Bombing Victims Win Big, if Symbolic, Victory

     (CN) – Each of the 374 victims remaining in a civil lawsuit against al-Qaida for the 1998 U.S. Embassy bombings in East Africa stands to collect more than $116 million dollars – if they can get the terrorist group to pay, a federal judge ruled.
     The simultaneous truck bombings of the U.S. embassies in Kenya and Tanzania killed 224 people and injured thousands of others.
     The twin bombings, which followed Osama bin Laden’s notorious fatwas urging attacks on U.S. and Jewish targets around the world, were al-Qaida’s deadliest strike against the United States before the Sept. 11, 2011, attacks.
     Victims of the attacks sued al-Qaida, bin Laden, the Sudan, Afghanistan and the United States in a federal court in Washington one year later.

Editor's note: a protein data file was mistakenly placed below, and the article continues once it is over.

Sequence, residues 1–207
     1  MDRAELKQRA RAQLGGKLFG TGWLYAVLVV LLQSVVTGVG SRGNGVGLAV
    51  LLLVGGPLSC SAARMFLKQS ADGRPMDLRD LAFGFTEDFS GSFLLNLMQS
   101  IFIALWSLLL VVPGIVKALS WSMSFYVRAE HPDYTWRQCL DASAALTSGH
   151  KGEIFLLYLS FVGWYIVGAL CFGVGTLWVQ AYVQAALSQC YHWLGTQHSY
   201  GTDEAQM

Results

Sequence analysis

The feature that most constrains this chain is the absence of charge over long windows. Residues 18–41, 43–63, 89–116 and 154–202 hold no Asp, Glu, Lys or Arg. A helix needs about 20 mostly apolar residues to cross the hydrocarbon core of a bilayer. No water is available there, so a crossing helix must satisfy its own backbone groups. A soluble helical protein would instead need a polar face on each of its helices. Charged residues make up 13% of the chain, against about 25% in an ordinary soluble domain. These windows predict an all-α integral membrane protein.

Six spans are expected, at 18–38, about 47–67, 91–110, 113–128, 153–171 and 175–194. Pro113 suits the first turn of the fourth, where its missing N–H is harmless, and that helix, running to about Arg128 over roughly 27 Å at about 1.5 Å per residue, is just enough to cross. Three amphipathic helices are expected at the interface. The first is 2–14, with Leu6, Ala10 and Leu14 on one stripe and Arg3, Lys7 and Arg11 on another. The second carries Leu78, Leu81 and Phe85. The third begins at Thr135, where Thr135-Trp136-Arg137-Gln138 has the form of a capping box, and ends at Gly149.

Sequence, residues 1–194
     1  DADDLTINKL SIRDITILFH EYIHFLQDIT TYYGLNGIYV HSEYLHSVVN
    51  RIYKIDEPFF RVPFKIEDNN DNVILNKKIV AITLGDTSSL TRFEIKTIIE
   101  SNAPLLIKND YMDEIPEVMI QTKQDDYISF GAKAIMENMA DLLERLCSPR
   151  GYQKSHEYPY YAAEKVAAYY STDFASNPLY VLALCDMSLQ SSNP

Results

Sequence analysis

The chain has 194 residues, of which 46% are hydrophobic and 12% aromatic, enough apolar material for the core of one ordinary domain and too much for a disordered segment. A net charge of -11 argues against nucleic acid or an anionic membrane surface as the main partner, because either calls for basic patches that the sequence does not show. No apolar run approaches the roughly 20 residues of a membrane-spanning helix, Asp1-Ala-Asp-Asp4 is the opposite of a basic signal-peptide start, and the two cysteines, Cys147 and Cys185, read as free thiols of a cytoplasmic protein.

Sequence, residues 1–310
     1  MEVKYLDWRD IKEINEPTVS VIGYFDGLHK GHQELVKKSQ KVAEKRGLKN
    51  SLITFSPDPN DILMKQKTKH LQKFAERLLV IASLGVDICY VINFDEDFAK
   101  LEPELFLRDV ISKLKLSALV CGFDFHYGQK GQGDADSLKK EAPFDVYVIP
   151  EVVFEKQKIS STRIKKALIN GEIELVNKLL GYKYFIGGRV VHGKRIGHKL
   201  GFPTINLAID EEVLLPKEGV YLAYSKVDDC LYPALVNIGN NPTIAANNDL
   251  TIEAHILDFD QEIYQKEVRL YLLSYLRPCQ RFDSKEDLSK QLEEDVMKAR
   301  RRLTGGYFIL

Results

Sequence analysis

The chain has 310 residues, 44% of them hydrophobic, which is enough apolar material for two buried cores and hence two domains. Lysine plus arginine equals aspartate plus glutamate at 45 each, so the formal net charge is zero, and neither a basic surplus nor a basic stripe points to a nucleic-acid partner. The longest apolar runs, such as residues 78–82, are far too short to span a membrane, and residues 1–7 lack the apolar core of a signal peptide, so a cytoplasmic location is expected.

Every defendant save for al-Qaida dropped off as the nations won dismissal, and bin Laden met his end at a Navy SEAL’s gunpoint.
     Al-Qaida never showed up at a 2011 trial culminating in a $161,309,500 penalty per victim verdict.
     U.S. District Judge John Facciola entered the final judgment on Tuesday.
     The victims’ lawyer Philip Musolino did not immediately respond to a request for comment.

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